Oyster floor the grave –

My sea-ghost rise
And slower hair
Silverstreaks my eyes
Up up I whirl
And wonder where –

To breathe in Neptune’s cup
Nudge gale and tempest
Feel the mermaid up
To stay to pin my hair
On the sea-horse’s stirrup— –


Date: 1960

By: Gregory Nunzio Corso (1930-2001)

Wednesday, 30 October 2019

Skin Spinners by Joan Delano Aiken

Poets, clustered like spiders, sing
shrilly of the gadfly’s wing
and make of air and dust and flesh
a subtle and a silver mesh,
study the seasons and the trends
times, fashions, tides, for their own ends;
all is foretold, all comes to pass
spun, spinning, in a web of glass;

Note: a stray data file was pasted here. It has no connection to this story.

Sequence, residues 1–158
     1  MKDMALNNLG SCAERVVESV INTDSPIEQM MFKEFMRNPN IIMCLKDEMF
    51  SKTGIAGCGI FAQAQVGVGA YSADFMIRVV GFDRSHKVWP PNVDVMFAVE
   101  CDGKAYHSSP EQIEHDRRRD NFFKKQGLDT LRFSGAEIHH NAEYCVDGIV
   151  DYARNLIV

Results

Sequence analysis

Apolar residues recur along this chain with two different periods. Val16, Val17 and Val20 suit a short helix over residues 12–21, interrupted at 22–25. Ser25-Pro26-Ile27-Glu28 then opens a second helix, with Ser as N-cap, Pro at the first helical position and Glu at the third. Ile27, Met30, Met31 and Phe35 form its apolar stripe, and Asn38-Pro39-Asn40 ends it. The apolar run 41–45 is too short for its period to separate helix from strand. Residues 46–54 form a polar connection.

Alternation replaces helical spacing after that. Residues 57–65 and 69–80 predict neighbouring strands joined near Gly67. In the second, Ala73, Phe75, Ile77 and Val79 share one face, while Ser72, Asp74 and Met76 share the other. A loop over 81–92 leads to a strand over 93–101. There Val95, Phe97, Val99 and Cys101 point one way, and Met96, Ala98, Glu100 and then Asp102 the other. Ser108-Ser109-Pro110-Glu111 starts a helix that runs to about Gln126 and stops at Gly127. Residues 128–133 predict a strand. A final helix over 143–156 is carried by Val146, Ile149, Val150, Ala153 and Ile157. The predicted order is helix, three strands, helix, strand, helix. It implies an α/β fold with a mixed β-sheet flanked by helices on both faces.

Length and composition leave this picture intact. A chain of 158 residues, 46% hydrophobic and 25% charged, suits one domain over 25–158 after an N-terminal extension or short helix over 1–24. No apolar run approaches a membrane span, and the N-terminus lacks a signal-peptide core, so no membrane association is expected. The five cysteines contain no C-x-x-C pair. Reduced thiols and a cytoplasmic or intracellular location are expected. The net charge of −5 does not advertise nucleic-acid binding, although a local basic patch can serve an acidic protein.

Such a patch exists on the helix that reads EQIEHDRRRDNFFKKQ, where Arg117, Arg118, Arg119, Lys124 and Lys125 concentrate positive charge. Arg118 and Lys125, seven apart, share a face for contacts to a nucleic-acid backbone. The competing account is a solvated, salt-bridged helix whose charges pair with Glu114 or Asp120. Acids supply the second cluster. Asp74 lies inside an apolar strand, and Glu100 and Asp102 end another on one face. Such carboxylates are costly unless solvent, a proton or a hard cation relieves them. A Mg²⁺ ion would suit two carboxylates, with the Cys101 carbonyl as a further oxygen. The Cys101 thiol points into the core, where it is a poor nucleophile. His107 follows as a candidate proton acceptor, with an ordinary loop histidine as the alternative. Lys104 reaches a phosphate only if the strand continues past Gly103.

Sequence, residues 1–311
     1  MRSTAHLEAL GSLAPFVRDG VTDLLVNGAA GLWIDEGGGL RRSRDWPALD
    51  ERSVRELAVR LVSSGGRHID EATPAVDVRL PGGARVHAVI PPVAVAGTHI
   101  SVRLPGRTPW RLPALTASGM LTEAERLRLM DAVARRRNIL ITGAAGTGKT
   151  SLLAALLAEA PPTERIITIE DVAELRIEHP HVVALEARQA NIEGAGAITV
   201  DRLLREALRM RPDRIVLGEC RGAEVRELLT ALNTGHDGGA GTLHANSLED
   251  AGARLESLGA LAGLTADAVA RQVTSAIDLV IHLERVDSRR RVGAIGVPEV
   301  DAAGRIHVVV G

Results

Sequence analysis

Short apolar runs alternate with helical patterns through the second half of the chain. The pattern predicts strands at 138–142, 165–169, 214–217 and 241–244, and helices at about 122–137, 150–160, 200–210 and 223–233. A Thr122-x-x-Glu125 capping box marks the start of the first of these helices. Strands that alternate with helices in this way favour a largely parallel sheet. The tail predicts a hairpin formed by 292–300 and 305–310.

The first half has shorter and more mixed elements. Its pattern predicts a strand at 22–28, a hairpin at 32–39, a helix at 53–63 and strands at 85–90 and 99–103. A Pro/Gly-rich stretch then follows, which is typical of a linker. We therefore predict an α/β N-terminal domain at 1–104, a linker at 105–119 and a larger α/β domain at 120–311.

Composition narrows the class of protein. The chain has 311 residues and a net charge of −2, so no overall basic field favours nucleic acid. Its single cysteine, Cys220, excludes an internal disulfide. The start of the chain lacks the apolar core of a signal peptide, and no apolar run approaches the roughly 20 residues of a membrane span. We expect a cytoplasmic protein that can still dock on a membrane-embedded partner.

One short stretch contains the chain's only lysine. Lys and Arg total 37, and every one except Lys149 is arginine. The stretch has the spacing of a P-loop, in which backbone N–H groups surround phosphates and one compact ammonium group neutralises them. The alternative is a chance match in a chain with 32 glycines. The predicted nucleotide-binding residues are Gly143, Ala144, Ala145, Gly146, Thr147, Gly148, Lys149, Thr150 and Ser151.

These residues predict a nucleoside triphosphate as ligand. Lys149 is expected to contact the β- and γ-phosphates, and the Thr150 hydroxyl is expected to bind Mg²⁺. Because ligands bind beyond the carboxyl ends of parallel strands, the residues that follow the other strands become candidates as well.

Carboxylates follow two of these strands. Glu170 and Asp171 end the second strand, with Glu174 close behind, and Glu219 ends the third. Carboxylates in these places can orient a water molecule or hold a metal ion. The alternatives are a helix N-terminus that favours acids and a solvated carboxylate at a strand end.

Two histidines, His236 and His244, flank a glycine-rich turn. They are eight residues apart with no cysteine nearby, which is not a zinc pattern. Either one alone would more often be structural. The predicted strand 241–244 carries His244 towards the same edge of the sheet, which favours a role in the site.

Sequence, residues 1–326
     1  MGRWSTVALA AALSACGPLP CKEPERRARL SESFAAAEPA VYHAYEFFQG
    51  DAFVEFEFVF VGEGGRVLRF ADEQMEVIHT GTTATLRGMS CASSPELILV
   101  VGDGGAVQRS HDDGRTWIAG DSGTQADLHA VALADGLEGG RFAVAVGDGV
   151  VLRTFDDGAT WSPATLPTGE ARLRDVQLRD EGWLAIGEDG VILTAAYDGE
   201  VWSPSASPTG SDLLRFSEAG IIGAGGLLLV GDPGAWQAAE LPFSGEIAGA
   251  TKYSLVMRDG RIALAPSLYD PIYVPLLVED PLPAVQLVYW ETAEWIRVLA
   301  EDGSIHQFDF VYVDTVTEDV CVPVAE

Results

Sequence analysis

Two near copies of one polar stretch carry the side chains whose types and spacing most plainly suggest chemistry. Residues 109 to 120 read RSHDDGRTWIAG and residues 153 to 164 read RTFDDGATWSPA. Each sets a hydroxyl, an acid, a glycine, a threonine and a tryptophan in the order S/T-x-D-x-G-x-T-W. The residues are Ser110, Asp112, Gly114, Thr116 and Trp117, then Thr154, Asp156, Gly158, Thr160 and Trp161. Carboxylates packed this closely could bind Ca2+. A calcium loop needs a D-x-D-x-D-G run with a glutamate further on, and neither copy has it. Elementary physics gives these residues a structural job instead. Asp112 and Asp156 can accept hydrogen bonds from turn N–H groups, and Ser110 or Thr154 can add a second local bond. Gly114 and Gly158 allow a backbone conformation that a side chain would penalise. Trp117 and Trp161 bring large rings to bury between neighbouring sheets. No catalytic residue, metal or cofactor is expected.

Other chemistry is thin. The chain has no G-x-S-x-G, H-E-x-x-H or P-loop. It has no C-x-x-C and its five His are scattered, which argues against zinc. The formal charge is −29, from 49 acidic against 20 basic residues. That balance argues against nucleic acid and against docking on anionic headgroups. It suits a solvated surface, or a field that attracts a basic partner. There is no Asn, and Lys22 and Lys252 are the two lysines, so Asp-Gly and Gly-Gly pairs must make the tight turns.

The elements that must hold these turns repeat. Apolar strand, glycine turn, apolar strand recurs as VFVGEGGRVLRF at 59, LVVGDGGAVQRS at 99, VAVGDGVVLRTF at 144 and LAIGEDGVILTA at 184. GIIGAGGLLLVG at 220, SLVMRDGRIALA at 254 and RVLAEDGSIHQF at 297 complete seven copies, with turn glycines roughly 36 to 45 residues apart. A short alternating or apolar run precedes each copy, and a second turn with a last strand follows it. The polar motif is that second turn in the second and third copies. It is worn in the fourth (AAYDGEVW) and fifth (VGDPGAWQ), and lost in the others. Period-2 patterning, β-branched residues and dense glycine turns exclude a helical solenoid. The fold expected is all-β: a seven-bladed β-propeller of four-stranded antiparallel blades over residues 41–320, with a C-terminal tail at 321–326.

brooding above the throng of flies
they watch with penetrating eyes
and turn the living and the dead
impartially to daily bread.

From: Aiken, Joan, The Skin Spinners: Poems, 1976, The Viking Press: New York, p. 57.

Date: 1960

By: Joan Delano Aiken (1924-2004)

Sunday, 17 February 2019

What Horror to Awake at Night by Lorine Niedecker

What horror to awake at night
and in the dimness see the light.
Time is white
mosquitoes bite
I’ve spent my life on nothing.

The thought that stings. How are you, Nothing,
sitting around with Something’s wife.
Buzz and burn
is all I learn
I’ve spent my life on nothing.

I’m pillowed and padded, pale and puffing
lifting household stuffing—
carpets, dishes
benches, fishes
I’ve spent my life in nothing.


Date: c1960

By: Lorine Niedecker (1903-1970)

Tuesday, 14 November 2017

If You Never Come Again by Binoy Majumdar